Facebook to Penalise Slow-Loading Websites
Blame a culture that demands ultimate speed and convenience at every turn
When Tesla began building its network of ‘Supercharger’ fast-charging stations in 2012, it addressed two major shortcomings of EVs (Electric Vehicles): convenience and time-wastage.
Tesla’s growing Supercharger network offers a charging time that is 16 times as fast as regular public charging stations – in certain cases, that’s just 20 minutes to charge to 50%. For anyone wanting to save the planet, embark on a cross-country road trip and not waste too much time recharging for hours, the temptation has been too hard to resist.
And here’s the thing: we have all become accustomed to a life of speedy convenience, be it the way our cars operate or how our iPads respond to inputs. Online shopping has replaced arduous visits to physical stores, Uber has negated the need to plan while waiting for traditional cabs, and Samsung fans are already boasting that the forthcoming Galaxy S9 could be ‘the fastest phone ever’.
Slow websites just don’t cut it anymore
If you’re still running an older website with slow-loading pages and are wondering why conversions and bounce rates are dipping, you’ve got to place yourself into the shoes of the typical user in 2017. Facebook has, and as a result have announced that stories on the platform, which link to faster web pages will receive more visibility in users’ newsfeeds.
It’s not a surprising move, with the platform’s ever-changing algorithm consistently changing to align with user preferences and, let’s face it, nobody hangs around for more than a few seconds waiting for a website to load. In fact, just a three second delay is enough to send 40% of visitors scampering.
What you need to do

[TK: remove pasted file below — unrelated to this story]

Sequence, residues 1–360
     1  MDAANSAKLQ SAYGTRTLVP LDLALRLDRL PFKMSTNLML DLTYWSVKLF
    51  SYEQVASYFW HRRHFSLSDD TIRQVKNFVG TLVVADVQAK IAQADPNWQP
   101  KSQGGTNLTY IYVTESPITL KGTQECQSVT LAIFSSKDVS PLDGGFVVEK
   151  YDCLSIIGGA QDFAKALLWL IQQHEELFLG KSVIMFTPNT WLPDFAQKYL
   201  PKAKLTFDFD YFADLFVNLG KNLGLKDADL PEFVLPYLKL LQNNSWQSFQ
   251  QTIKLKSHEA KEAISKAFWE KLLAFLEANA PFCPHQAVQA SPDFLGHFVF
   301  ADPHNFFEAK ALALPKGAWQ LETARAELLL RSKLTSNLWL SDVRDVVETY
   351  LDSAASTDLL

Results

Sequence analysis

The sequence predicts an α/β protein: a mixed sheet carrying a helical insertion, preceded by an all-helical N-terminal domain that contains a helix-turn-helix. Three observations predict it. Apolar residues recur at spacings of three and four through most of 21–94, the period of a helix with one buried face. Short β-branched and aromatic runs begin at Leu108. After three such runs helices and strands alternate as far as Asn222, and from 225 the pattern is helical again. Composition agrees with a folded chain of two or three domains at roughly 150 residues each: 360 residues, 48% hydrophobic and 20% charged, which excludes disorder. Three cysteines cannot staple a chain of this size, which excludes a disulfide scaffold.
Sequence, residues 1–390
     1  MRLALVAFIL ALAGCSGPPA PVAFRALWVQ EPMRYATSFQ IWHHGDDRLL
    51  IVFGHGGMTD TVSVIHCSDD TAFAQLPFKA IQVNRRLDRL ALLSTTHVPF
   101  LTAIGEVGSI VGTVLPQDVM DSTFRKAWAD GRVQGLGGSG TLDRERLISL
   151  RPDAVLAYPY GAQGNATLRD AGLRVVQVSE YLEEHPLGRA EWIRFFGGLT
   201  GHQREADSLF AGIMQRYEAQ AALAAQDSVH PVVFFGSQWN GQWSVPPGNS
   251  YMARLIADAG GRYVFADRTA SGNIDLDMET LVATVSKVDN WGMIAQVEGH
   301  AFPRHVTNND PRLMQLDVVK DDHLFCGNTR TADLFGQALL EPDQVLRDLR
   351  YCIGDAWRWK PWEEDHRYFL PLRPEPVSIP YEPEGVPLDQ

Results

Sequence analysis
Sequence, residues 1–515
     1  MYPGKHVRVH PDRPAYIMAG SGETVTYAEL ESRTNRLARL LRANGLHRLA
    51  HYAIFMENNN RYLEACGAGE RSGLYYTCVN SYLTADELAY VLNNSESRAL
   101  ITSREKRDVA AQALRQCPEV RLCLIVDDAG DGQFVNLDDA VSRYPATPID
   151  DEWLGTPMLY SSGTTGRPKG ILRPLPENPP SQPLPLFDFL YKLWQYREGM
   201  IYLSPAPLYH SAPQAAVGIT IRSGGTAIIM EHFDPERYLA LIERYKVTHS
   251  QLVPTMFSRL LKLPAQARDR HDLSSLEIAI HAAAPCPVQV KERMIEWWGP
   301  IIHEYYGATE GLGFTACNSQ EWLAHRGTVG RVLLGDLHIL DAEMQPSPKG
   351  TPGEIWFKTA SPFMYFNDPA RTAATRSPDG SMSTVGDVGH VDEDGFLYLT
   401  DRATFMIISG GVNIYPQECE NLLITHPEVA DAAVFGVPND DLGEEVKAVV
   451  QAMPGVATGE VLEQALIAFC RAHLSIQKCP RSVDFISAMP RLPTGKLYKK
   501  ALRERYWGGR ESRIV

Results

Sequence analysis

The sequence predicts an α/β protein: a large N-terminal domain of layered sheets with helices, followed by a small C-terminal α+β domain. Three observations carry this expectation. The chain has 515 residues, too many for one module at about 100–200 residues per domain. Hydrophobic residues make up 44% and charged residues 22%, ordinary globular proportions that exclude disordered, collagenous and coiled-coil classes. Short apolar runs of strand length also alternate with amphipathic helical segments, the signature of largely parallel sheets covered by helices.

To prevent your website seeing a drop in referral and/or social traffic (and your Facebook page seeing a decline in News Feed distribution), it could be time for you to have it optimised to improve speed. Some of the ways you can ‘supercharge’ your website’s speed:
- Enable compression. Larger pages, and those featuring quality content, can be slow to load. Compression can lower the bandwidth of these pages and reduce HTTP response.
- Minimise HTTP requests. An HTTP request exists for every element of a page, be it images, scripts or stylesheets. Loading time can be improved by streamlining the elements on your page.
- Optimising images. Correctly cropped and formatted images can significantly speed up the time it takes for your website to load.
That’s just scratching the surface, and our digital specialists can provide a host of upgrades and recommendations to better your website’s speed, ensuring your continued competitiveness.
For the Tesla-driving, smartphone-wielding, and generally impatient generation we are all trying to reach, speed and convenience are the foundation and your content / messaging is the pretty house on top.
It’s up to you to ensure that everyone wants to pop in for a visit.